Your Rights Under the HIPAA Privacy Rule

The Health Insurance Portability and Accountability Act (HIPAA) Privacy Rule and New York laws give you rights to your medical records. The HIPAA Privacy Rule establishes standards that apply to records held by health care providers across the nation, and New York law sets standards for records maintained by health care providers within the state. Health care providders in New York must follow both the HIPAA Privacy Rule and New York law.

HIPAA is intended not only to protect your medical information from unwarranted disclosure, but also to protect your rights as a patient. Here's how you can exercise those rights:

Conditions: If you are a patient in a hospital, people who call to obtain a condition report will be given a one or two word summary, such as "serious" or "critical". If you don't want that summary given, you have the right to request non-disclosure.

Observers: If you are being examined by a physician and your treatment is being observed by others who aren't participating in your care, such as sales representatives, consultants, or office administrators, you can ask them to leave the room.

Forms: Read carefully any privacy forms you are asked to sign. Some forms that at first appear only to be an acknowledgment of your rights also provide authorization for sharing of information for marketing purposes, which is allowed under HIPAA. You should not be required to sign any disclosure-consent forms as a condition of treatment.

Surveys: Customer-satisfaction survey are given to patient by many clinics and hospital. You are not required to complete them, but they can help providers improve patient care. Be wary of questions about your age, income level, buying habits, and ZIP code. They're more likely to be used for marketing purposes.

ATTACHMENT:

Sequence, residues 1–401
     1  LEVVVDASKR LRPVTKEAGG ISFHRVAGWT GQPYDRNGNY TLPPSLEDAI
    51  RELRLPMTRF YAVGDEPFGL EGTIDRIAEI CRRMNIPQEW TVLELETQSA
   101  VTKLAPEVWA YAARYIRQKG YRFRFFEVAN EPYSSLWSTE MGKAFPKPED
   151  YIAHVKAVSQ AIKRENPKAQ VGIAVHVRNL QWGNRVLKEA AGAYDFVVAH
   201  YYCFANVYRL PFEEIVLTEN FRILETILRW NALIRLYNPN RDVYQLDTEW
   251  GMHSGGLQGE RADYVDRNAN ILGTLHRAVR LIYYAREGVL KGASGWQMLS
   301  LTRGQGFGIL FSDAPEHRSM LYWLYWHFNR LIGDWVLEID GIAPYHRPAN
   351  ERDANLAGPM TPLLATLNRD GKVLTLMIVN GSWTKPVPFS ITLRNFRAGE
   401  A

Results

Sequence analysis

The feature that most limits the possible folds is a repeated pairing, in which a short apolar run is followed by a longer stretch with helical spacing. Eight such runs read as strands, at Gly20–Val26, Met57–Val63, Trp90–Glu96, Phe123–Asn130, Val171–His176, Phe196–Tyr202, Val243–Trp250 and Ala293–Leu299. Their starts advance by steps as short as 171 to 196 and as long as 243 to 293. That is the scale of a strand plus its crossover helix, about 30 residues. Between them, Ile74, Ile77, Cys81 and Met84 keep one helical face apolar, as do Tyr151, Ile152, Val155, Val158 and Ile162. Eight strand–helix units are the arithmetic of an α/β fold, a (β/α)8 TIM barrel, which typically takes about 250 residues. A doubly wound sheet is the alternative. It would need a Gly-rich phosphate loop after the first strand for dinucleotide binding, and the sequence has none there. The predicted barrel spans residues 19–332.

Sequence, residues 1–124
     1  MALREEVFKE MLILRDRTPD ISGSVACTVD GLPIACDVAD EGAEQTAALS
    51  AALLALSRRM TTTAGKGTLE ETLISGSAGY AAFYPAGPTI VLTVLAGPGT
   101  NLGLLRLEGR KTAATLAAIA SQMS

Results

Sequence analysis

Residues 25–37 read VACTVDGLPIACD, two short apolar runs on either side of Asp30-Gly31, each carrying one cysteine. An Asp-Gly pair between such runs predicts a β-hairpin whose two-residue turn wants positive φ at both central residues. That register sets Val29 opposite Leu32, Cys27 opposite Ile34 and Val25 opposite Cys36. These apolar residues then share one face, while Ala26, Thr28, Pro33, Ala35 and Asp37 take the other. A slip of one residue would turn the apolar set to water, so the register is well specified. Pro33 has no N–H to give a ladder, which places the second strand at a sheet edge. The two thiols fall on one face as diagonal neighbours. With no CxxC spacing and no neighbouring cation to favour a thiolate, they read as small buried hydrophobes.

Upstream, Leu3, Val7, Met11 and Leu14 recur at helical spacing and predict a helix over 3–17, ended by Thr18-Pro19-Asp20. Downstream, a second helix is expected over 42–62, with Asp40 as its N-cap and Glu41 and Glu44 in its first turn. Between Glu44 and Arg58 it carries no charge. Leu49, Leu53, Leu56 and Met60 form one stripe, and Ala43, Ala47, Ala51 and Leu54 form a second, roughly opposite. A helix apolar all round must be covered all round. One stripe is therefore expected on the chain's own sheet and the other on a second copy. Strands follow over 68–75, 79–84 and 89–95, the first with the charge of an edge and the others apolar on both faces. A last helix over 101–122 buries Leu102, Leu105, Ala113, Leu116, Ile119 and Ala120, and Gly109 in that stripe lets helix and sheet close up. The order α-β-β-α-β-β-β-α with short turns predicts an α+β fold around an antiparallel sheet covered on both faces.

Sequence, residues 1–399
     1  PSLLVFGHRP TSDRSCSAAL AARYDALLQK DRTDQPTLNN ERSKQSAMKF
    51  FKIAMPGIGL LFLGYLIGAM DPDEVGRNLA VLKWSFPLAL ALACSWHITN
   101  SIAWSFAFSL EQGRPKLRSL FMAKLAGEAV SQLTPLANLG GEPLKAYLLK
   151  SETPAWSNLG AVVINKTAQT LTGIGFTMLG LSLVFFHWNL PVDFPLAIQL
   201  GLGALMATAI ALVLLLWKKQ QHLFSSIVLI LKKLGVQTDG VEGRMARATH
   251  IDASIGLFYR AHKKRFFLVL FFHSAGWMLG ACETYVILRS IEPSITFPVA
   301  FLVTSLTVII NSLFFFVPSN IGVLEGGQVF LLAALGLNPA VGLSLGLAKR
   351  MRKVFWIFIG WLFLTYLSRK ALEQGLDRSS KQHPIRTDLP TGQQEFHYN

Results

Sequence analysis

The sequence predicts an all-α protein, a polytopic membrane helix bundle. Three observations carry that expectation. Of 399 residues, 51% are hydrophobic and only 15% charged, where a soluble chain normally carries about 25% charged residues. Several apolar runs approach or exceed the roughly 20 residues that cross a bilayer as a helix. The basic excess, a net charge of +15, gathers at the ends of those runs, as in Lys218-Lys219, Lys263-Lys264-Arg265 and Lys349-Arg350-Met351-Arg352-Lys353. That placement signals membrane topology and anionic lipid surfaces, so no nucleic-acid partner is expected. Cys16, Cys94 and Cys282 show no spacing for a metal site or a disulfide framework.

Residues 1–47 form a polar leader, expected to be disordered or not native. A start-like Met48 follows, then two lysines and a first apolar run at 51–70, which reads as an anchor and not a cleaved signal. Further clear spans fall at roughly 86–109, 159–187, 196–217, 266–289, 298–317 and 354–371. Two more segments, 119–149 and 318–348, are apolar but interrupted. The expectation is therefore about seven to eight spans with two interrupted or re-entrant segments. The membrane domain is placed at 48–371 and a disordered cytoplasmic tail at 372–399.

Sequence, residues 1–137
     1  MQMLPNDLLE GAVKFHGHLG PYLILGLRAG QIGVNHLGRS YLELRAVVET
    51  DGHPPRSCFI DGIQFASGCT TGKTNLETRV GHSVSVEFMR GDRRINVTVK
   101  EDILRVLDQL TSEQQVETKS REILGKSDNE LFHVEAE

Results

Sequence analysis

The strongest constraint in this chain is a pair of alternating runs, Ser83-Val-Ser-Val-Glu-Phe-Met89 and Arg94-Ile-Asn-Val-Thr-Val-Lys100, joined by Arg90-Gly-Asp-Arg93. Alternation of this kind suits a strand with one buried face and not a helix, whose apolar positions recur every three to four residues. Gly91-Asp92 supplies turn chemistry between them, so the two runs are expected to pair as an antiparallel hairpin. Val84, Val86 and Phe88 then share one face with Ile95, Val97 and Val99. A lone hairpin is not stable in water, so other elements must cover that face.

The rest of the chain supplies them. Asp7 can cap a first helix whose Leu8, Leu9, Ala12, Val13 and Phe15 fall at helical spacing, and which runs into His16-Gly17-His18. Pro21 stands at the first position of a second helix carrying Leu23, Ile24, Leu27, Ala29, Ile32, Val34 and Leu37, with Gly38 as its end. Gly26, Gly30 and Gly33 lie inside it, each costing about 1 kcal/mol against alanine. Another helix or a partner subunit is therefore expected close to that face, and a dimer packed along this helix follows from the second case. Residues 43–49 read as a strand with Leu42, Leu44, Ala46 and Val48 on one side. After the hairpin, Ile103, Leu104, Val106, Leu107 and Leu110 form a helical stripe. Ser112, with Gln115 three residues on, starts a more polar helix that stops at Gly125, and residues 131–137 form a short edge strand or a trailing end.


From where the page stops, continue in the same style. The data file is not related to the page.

Policies: You should obtain copies of your care provider's "notice of privacy practices" and the name and phone number of the provider's privacy officer.

Database: You can access some of your medical information at no charge each year from the Medical Information Bureau.

Your medical records  may be disclosed without asking or even notifying you. Hospitals will hand over information regarding your treatment to other doctors, and they will readily share those details with insurance companies for payment purposes. Roughly millions of entities that are loosely involved in the health care system have access to your health care information.

The Medical Information Bureau (MIB) is a cental database of medical information shared by insurance companies. Approximately 15 million Americans and Canadians are on file in the MIB's computers. Insurance companies report information to the MIB, such as codes for specific medical conditions and lifestyle choices, i.e. hypertension, asthma, diabetes, or depression.

The MIB does not have a file on everyone. But if you have a MIB file, you will want to be sure it's correct. You can obtain a copy for free once a year by calling (866)692-6901 or by visiting the MIB's website, www.mib.com.  You can also contact the MIB at the Medical Information Bureau, P.O. Box 105, Essex Station, Boston, Massachusetts 02112, or by sending an email to [email protected]

Disclosures: If you suspect your medical records have been improperly shared, you can ask providers for an accounting of all disclosures. Under HIPAA, you have the right to receive an accounting of disclosures that a "covered entity", i.e., physician or hospital, make of your medical records is the six-year period preceding the date on which the accounting is requested.

Enforcing HIPAA: Civil enforcement of HIPAA, which can lead to fines, is left to the Office of Civil Rights within the U.S. Department of Health and Human Services. Criminal enforcement, which can include fines and prison terms, is handled by the U.S. Department of Justice.

Case: Of 38,000 HIPAA complaints made across the nation in the past five years, the Office for Civil Rights has referred 437 cases to the Department of Justice for criminal prosecution.

Outcome: Nationally, fewer than a half-dozen cases have been prosecuted. No civil fines have been imposed, but one case recently led to a $100,000 settlement. So far, prosecutors have focused almost exclusively on the few people who have gained access to patient information with the intent of selling it or using it as part of some other crime, such as identity theft. Health care workers who have obtained medical information improperly and then shared it, free of charge with friends and neighbors, have not been prosecuted.
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